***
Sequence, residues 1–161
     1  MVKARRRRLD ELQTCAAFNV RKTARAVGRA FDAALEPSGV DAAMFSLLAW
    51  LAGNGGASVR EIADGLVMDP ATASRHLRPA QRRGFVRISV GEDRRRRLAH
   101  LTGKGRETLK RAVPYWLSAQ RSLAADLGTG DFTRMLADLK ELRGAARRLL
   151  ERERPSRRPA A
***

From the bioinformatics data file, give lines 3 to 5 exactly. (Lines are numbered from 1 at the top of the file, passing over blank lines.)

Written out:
    51  LAGNGGASVR EIADGLVMDP ATASRHLRPA QRRGFVRISV GEDRRRRLAH
   101  LTGKGRETLK RAVPYWLSAQ RSLAADLGTG DFTRMLADLK ELRGAARRLL
   151  ERERPSRRPA A